Skip to main content
×
Home
  • Get access
    Check if you have access via personal or institutional login
  • Cited by 6
  • Cited by
    This chapter has been cited by the following publications. This list is generated based on data provided by CrossRef.

    Ataabadi, Majid Mirzaie Kaakinen, Anu Kunimatsu, Yutaka Nakaya, Hideo Orak, Zahra Paknia, Mohammad Sakai, Tetsuya Salminen, Johanna Sawada, Yoshihiro Sen, Sevket Suwa, Gen Watabe, Mahito Zaree, Gholamreza Zhaoqun, Zhang and Fortelius, Mikael 2016. The late Miocene hominoid-bearing site in the Maragheh Formation, Northwest Iran. Palaeobiodiversity and Palaeoenvironments, Vol. 96, Issue. 3, p. 349.


    Suwa, Gen Kunimatsu, Yutaka Mirzaie Ataabadi, Majid Orak, Zahra Sasaki, Tomohiko and Fortelius, Mikael 2016. The first hominoid from the Maragheh Formation, Iran. Palaeobiodiversity and Palaeoenvironments, Vol. 96, Issue. 3, p. 373.


    Kaya, Ferhat Kaymakçi, Nuretdin Bibi, Faysal Eronen, Jussi T. Pehlevan, Cesur Erkman, Ahmet C. Langereis, Cor G. and Fortelius, Mikael 2016. Magnetostratigraphy and paleoecology of the hominid-bearing locality Çorakyerler, Tuglu Formation (Çankiri Basin, Central Anatolia). Journal of Vertebrate Paleontology, Vol. 36, Issue. 2, p. e1071710.


    Hara, Yuichiro Imanishi, Tadashi and Satta, Yoko 2012. Reconstructing the Demographic History of the Human Lineage Using Whole-Genome Sequences from Human and Three Great Apes. Genome Biology and Evolution, Vol. 4, Issue. 11, p. 1133.


    Casanovas-Vilar, I. Alba, D. M. Garces, M. Robles, J. M. and Moya-Sola, S. 2011. Updated chronology for the Miocene hominoid radiation in Western Eurasia. Proceedings of the National Academy of Sciences, Vol. 108, Issue. 14, p. 5554.


    Moya-Sola, S. Alba, D. M. Almecija, S. Casanovas-Vilar, I. Kohler, M. De Esteban-Trivigno, S. Robles, J. M. Galindo, J. and Fortuny, J. 2009. A unique Middle Miocene European hominoid and the origins of the great ape and human clade. Proceedings of the National Academy of Sciences, Vol. 106, Issue. 24, p. 9601.


    ×
  • Print publication year: 2001
  • Online publication date: January 2010

14 - The late Miocene hominoid from Georgia

from PART III - Miocone hominoids: function and phylogeny
Summary

Introduction

More than half a century since the first announcement of the late Miocene discovery from Udabno (Gare-Kaxheti, East Georgia; Figure 14.1), remains of a hominoid-like primate were described by N.O. Burtshak-Abramovitz and E. G. Gabashvili (1945, 1950) as a new taxon – Udabnopithecus garedziensis. In the years that followed, other specialists in the field changed its taxonomy. Piveteau (1957) noted its close resemblance to the genus Dryopithecus, and later publications claimed that the hominoid ape from Udabno is actually synonymous with the species Dryopithecus fontani (Simons & Pilbeam, 1965; Szalay & Delson 1979; Andrews et al., 1996), although without any substantial discussion. Yet other opinions also were expressed (Reshetov, 1966, Nesturkh, 1968). In all the publications, the stratigraphic position of Udabnopithecus is rather approximate Middle/Late Miocene or Sarmatian.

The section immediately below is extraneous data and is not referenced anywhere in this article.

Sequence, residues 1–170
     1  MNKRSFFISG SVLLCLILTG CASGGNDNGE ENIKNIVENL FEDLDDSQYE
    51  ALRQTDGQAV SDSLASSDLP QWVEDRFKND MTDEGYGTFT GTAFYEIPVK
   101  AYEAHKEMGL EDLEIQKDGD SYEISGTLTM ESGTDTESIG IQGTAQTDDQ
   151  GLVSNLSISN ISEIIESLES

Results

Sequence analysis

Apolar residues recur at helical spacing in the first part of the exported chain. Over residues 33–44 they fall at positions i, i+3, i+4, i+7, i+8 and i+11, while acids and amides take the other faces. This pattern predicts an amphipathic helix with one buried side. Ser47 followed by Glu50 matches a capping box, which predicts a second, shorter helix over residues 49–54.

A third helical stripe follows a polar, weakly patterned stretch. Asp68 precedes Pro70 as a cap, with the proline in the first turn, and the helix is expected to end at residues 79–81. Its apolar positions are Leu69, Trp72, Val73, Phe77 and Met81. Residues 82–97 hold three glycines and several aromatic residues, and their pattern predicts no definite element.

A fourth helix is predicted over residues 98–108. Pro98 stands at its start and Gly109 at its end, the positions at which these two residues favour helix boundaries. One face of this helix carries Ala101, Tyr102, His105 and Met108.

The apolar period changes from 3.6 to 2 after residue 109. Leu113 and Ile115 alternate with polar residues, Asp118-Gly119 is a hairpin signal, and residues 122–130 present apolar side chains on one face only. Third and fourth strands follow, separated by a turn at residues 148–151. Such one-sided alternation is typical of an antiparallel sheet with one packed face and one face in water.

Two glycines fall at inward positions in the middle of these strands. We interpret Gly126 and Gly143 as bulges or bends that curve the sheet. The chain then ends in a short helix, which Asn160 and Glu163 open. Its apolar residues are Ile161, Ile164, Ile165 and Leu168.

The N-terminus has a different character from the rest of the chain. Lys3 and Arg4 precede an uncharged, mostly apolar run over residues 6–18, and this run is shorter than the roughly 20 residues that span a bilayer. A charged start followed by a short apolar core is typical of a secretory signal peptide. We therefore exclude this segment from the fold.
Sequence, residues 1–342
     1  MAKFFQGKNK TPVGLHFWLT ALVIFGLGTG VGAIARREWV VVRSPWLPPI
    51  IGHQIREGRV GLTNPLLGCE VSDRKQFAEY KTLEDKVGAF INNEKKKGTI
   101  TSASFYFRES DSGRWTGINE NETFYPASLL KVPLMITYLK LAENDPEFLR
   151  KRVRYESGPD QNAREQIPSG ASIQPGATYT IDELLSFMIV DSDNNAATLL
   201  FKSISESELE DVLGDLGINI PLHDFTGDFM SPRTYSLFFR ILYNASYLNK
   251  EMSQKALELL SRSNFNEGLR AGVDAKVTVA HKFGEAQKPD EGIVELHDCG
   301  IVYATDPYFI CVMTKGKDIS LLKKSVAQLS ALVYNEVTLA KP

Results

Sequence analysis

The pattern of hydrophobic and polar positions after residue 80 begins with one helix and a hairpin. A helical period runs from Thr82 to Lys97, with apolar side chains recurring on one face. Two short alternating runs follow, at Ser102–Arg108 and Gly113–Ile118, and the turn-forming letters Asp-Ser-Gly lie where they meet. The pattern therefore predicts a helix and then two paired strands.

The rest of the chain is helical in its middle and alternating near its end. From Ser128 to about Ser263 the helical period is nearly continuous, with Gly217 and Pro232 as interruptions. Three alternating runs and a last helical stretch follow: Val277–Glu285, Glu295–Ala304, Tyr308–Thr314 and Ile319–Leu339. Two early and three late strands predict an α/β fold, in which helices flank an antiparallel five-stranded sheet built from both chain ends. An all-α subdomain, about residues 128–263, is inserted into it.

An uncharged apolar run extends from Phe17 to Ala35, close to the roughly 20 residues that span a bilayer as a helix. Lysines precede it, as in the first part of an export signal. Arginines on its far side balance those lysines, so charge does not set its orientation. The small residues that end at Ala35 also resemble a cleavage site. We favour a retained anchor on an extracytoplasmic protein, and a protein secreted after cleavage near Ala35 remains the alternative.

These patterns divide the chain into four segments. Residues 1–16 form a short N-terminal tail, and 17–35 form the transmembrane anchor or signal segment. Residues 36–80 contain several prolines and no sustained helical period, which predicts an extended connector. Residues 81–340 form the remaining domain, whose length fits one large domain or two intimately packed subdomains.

A short description of the actual remains

A detailed examination of the hominoid remains from Udabno has convinced us that even though it shows significant similarities to Sivapithecus, a similarity which will be touched upon later, it is also very close in its attributes to Dryopithecus.

Udabnopithecus is represented by the right P4 and M1 imbedded in a maxilla fragment (Figure 14.2). During the extraction of the maxilla fragment, the P4 has been detached. It seems that the same happened earlier to M2 as evidenced by the remaining part of its alveolar cavity in the maxilla, and this tooth is now lost. The attrition of the teeth is slight to medium.

The P4 is oval shaped, rather squeezed in on its medial and distal sides (Figure 14.3). Its labial facet is shorter than the lingual, while the dorsal surface is less convex than the ventral.

Recommend this book

Email your librarian or administrator to recommend adding this book to your organisation's collection.

Hominoid Evolution and Climatic Change in Europe
  • Online ISBN: 9780511600449
  • Book DOI: https://doi.org/10.1017/CBO9780511600449
Please enter your name
Please enter a valid email address
Who would you like to send this to? *
×